More often than not, that need is Wall Street's need for more fees -- and our need to feel like we're getting some sort of special advantage. We hear friends' stories about tripling their money with stocks like Contango Oil & Gas (NYSE: MCF  ) or Marvel Entertainment (NYSE: MVL  ) or (Nasdaq: BIDU  ) , and we want some of that glory too.

Of course, what our friends -- and the pros -- don't brag about is that for every success like Baidu, they also bought some stocks that fell on hard times, like Openwave Systems (Nasdaq: OPWV  ) or Washington Mutual (NYSE: WM  ) . Or fuel cell maker Hydrogenics (Nasdaq: HYGS  ) , which left me with a 50% loss a while back.

The truth is, you can beat the majority of the Wall Street pros with some very simple thinking. Odds are, you already have the tools you need to do it in your 401(k) or 403(b) plan at work.

Simplicity in practice

By now, you've probably figured out that I'm going to recommend index funds. And I am -- with low-cost index funds, you can achieve market-rate returns year-in and year-out without having to think about it.

Sure, buying an index means you'll own the losers as well as the winners. But even experts end up owning plenty of losers -- a very famous portfolio manager once told me he was lucky if half his stocks ended up making him money over time. The trick to his success was that his good picks were really good and his bad ones not too awful -- but you've got to be an expert to do that consistently, and you've got to put in some really long hours.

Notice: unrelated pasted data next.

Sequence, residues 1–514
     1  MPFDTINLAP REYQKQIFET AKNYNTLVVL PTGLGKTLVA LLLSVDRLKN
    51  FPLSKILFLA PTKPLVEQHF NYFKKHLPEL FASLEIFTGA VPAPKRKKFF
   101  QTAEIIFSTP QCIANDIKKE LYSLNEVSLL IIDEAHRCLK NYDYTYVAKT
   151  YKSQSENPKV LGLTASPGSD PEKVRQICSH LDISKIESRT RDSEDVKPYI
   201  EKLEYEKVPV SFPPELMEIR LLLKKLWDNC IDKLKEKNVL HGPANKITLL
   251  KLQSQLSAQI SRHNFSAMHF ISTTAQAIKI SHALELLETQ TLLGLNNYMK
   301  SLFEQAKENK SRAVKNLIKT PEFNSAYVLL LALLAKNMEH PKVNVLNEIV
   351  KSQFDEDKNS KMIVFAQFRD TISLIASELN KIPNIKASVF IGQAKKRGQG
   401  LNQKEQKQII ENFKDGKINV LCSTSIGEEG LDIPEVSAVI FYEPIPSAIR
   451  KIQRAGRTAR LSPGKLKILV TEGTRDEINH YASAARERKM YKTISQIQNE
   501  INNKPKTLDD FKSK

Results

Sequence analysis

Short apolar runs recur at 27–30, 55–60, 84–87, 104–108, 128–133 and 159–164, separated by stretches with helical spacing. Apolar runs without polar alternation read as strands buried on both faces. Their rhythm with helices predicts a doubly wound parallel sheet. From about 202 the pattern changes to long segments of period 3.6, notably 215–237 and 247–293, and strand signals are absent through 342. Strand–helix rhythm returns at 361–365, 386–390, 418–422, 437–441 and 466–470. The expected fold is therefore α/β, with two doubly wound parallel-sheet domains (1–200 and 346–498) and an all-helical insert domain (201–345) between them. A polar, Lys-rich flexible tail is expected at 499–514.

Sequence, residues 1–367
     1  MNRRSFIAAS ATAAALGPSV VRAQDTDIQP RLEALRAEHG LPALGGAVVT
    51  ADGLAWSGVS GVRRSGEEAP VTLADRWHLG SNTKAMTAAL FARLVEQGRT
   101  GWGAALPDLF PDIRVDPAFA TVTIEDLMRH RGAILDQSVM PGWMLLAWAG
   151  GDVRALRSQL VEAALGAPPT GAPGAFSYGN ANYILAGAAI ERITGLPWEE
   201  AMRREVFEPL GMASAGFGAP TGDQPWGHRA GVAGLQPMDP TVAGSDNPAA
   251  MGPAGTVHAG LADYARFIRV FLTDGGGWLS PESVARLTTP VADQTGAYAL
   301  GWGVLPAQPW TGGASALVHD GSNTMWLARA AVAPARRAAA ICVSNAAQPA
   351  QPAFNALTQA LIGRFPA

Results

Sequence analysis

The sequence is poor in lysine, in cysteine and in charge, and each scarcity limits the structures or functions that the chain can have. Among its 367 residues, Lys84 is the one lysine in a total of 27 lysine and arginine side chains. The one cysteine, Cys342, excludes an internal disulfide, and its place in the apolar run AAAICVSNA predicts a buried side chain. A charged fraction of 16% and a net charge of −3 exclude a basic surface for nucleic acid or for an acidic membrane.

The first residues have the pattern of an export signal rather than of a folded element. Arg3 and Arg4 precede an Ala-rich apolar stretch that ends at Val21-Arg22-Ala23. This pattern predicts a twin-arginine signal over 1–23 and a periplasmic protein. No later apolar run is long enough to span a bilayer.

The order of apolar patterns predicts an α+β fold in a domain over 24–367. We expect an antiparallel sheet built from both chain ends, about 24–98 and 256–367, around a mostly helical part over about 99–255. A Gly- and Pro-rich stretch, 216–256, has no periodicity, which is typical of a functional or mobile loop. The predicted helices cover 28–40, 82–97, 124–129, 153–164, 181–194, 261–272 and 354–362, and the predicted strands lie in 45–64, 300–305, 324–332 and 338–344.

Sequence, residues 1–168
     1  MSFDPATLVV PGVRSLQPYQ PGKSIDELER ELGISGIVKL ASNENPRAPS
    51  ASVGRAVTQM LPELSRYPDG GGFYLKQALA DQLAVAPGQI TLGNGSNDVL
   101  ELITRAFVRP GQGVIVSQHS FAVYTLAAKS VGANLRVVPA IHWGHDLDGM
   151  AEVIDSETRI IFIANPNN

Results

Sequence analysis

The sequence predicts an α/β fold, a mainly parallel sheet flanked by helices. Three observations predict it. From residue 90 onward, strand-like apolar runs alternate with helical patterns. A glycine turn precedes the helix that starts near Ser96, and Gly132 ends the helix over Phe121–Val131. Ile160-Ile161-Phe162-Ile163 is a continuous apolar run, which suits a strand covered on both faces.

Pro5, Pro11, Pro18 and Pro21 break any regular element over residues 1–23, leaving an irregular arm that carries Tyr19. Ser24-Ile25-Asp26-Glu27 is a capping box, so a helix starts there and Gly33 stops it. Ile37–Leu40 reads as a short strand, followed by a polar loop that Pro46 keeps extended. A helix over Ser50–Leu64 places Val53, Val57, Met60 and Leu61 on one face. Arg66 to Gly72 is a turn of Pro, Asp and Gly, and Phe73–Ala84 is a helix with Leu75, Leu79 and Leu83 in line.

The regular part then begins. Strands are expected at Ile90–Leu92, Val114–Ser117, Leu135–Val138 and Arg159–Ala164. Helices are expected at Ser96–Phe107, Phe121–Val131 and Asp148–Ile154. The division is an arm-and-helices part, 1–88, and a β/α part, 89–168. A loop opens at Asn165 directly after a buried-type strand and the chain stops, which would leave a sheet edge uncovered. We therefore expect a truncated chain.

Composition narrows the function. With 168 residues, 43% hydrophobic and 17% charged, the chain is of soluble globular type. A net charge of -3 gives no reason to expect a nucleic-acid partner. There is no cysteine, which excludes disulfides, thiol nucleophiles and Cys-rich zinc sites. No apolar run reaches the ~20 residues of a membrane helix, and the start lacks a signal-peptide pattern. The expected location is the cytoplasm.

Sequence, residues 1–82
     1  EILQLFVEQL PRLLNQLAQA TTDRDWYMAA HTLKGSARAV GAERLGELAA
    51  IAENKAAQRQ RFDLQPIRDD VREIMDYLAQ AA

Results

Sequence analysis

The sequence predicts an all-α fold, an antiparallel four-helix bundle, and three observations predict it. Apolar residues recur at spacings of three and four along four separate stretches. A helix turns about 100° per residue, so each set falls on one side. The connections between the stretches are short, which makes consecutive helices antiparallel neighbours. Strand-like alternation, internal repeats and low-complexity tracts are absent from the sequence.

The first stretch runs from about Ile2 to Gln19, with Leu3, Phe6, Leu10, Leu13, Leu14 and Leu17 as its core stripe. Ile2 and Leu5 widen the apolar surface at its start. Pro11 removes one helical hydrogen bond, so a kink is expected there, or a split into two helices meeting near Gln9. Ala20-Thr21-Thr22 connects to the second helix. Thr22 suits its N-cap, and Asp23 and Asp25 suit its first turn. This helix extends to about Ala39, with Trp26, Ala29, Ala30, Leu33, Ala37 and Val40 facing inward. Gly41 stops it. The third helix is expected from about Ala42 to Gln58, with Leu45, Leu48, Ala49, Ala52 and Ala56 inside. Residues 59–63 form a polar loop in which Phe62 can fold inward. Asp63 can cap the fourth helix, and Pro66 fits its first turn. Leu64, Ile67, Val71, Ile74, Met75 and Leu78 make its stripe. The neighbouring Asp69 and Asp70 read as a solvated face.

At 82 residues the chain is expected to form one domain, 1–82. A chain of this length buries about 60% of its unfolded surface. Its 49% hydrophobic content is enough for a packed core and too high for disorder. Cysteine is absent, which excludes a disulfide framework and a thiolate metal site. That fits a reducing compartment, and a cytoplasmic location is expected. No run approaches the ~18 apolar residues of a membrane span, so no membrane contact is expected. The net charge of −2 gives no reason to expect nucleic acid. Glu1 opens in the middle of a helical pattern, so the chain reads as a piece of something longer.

That's the hard way to do it. Buying the index fund? Simple.

Putting all your money in one broad market index fund is the simplest way to go. But you'll improve your returns and lower your risk if you own a few different types of index funds, and allocate your assets among them in a way that makes sense with your goals and time horizon.

That may sound a little less simple, but it doesn't have to be.

The Fool's Rule Your Retirement newsletter maintains a set of asset allocation models -- little maps, basically -- that show you exactly how much of what kinds of funds to buy. They were just revised last month, they're based on the best research available, and they're really simple to use.